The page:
When Kathy LeCompte plunged into the nursery business, she knew she was entering a male-dominated industry with big up-front costs. But LeCompte was determined to grow and sell plants.
“Once you get the ball rolling, you have to keep running,” she said. That’s exactly what she did.
LeCompte started with 30 acres in 1980. Today, LeCompte and her husband, Dave, run Brooks Tree Farm in Oregon’s Willamette Valley. They have seven sites, 255 acres and sell millions of plants annually.
Brooks Tree Farm is not the only nursery that is growing.
According to the USDA’s Economic Research Service, the nursery and greenhouse industry, which hobbled through the fallout from the 2008 recession, has rebounded and is now the fastest-growing segment of U.S. agriculture.
The National Gardening Association found that consumers spent more than $52.3 billion on their lawns and gardens in 2018, up from $29.1 billion in 2011. That’s an 80% increase in 8 years. The dollar amount Americans spent on gardening last year is more than the entire Gross Domestic Product of Uganda, Afghanistan and Samoa — combined.
The nursery industry, however, faces challenges.
Because of storms and flooding earlier this year, nurseries across the U.S. may see their profits dip for 2019, according to Charlie Hall, a horticultural economist at Texas A&M University.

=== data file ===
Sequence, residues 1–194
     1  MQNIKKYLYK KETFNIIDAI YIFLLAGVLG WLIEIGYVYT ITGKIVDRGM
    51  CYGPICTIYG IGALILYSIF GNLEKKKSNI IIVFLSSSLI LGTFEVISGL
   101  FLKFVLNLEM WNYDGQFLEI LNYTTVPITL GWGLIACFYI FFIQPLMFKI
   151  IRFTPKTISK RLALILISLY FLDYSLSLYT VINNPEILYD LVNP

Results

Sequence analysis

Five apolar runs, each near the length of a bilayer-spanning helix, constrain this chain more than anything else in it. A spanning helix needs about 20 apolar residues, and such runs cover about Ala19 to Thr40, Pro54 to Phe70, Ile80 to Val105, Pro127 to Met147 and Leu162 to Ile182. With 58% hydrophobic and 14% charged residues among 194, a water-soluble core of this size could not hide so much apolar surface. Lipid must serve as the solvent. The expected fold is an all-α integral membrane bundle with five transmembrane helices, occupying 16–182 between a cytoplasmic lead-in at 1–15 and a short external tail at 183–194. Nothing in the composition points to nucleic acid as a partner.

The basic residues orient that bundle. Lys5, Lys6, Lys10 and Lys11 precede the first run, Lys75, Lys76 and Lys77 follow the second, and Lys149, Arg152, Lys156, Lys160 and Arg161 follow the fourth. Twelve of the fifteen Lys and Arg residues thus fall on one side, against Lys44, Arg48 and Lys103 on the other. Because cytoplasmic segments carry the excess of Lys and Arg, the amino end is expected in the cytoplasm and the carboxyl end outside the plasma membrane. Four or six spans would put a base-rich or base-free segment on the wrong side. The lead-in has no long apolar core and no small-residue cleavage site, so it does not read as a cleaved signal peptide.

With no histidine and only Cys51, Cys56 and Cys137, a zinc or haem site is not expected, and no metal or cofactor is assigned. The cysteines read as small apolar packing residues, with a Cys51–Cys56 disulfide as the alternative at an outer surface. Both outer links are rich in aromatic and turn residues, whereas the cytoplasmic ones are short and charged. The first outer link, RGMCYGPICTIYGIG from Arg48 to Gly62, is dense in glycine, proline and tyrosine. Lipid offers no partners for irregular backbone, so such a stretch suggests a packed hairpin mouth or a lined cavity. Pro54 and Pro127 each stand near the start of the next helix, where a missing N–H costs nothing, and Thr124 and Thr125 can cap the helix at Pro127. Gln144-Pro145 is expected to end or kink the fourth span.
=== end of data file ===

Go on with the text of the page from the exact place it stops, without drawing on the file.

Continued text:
“The weather patterns this year impact everyone,” Hall said.
Hall also said he expects another recession is coming — not nearly as big as 2008’s recession, but enough to weaken the nursery industry. Hall predicts a 25% chance of recession by the end of 2019, 50% chance by 2020 and 80% chance by 2021.
“Nurseries need to get ready for an economic downturn,” said Hall. “They need to go lean, manage their working capital responsibly and get better at articulating value to customers.”
Hall and LeCompte both said that labor — or rather, lack of labor — is one of the biggest challenges currently pressing the industry. LeCompte said she has struggled to find enough workers for Brooks Tree Farm.
“How many people do you suppose will knock on doors and say, ‘I want to milk cows at 2 a.m.?’ It’s virtually never an American,” said LeCompte. “Americans don’t want to work in agriculture. It’s people trying to escape desperate situations, who have traveled thousands of miles, sometimes in extreme conditions. They’re willing to milk the cows or sow the fields. They’re grateful for the labor. I hire them, and I do it all legally. I treat them well. And I do pay them minimum wage. The agricultural and nursery industries desperately need those people.”
Despite the challenges, LeCompte said she is grateful to be part of the growing nursery industry.
“I love providing Christmas trees for people’s homes,” she said. “I’m thankful my neighbors can make some timber and we can replant forests for the next generation. I like the plant material. And it’s just fun to spend time around people who love plants.”